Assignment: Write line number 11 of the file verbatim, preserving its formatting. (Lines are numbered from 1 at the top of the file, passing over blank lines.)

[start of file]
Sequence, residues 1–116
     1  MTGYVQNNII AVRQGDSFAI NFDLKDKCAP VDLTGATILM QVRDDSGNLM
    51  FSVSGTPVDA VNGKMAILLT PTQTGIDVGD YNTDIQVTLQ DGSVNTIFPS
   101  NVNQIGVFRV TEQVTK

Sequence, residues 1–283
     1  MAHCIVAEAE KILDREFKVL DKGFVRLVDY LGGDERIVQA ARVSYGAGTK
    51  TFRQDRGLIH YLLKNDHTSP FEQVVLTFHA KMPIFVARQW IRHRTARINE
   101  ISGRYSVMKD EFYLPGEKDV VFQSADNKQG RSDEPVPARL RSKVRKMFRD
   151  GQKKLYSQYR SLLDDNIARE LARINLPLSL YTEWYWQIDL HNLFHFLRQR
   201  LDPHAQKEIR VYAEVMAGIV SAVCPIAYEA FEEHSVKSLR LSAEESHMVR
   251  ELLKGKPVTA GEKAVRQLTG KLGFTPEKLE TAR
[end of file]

   251  ELLKGKPVTA GEKAVRQLTG KLGFTPEKLE TAR